In January, Cesar Carvalho
moved to the United States to accelerate the expansion of his company, Gympass
. This June, the company’s market value surpassed a $1B valuation, following a $300 million funding round led by Softbank
The initial business model arose out of Carvalho’s practical needs during his time as a consultant at McKinsey. During this period, the comings and goings between clients across Brazil and the office made exercise nearly impossible.
“At one stage, I was paying memberships at three different gyms at the same time but I only rarely managed to use them. Then I thought of a monthly fee that would give me access to any gym, regardless of where I was - so that I could keep up a physical activity routine, even with all the changes at work. What we found out later was that companies would be willing to invest to [incentivize staff to exercise] by accessing flexibility at attractive prices, which makes employees who have never done physical activity start doing it,” he told Forbes
According to Carvalho, 70% of Gympass users did not attend gyms before joining the service. The original business plan for Gympass, which today has over 2,000 corporate customers, was to sell access to gyms to end consumers with daily passes.
In 2017, the company entered the United States; where the market size and stage of development requires greater emphasis on talent and innovation. To address these demands, the company will have more than doubled its technology staff by the end of the calendar year; with 230 hires to enhance user engagement and retention.
“Investment in technology is important in order to keep the user base active, but is also key to the growth of the company’s network of more than 47,000 accredited gyms - in the United States alone, the company will be targeting 35,000 gyms, studios and fitness companies - as well as the portfolio of corporate clients” (Forbes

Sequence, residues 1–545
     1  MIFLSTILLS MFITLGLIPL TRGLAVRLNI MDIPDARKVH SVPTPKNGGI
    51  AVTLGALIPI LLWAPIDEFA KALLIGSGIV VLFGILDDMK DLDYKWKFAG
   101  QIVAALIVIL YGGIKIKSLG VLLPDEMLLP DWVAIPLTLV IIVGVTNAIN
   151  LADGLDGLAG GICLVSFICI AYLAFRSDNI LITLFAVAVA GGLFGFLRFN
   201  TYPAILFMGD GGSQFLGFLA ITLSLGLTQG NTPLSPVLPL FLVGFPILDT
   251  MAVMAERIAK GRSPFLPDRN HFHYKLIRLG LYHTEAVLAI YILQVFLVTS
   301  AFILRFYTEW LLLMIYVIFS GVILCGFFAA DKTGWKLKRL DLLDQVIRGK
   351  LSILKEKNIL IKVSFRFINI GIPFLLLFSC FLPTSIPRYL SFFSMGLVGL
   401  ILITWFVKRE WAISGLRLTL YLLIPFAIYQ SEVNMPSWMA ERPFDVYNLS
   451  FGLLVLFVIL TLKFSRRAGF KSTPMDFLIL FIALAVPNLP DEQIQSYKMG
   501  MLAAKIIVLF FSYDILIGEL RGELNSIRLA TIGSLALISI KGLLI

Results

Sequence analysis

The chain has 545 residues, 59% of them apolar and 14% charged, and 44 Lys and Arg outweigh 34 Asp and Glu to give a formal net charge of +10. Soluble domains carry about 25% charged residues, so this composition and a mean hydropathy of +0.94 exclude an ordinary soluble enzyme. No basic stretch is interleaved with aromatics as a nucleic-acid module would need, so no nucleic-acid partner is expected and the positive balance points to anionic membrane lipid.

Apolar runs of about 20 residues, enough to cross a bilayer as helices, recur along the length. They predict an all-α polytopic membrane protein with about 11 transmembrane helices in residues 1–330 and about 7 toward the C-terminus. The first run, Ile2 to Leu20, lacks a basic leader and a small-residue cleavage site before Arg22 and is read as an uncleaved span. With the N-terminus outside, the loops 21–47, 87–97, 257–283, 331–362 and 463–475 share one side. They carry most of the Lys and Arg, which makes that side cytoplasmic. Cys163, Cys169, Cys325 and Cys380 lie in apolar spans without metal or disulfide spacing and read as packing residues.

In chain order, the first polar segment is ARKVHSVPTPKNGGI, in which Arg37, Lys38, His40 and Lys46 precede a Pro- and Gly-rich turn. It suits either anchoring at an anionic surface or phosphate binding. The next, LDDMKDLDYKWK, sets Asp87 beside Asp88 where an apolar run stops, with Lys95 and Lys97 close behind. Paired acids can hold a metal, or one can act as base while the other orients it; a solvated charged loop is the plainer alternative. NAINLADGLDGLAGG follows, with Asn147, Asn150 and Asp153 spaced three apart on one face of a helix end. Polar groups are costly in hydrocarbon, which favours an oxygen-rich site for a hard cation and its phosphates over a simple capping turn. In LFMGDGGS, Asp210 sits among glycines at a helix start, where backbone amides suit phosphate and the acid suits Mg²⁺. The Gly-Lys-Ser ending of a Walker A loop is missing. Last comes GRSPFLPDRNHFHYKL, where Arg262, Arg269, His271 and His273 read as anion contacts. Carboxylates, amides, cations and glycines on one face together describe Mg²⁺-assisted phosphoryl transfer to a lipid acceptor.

The more gyms the startup enlists, the more attractive their proposal becomes to HR departments of potential customers. While the gym benefits from a greater influx of people, the end user receives additional options for gym locations.
“People always talk about the chicken-egg [dilemma], but in our case we have the egg, the chicken and the perch, because we’re a three-sided business that needs to focus on corporate HR departments, gyms and users. That requires a rather large investment,” Carvalho notes.
Within the next year, the company hopes to scale the resources from its recent mega-investor, Softbank.
“Having a fund like SoftBank by our side is a significant seal of approval, a confirmation that we are on the right track. Having a leader in global technology investment also works as a validation for people who might want to come to Gympass.”
The company’s international expansion currently has its sights set on the U.S. and Asia in the near future. According to Carvalho, Brazil is still one of the most relevant markets for the firm and is a country that will undoubtedly benefit from the global expansion.
“We are at the beginning of a relevant technology development cycle not only in Brazil, but in Latin America. We see angel investors to more advanced stage funds all entering the market, exit deals and IPOs of companies providing good returns to their investors. There has never been such a good moment to invest in Brazil. All parts of the ecosystem are now there and the speed of growth will only increase from now on,” he said.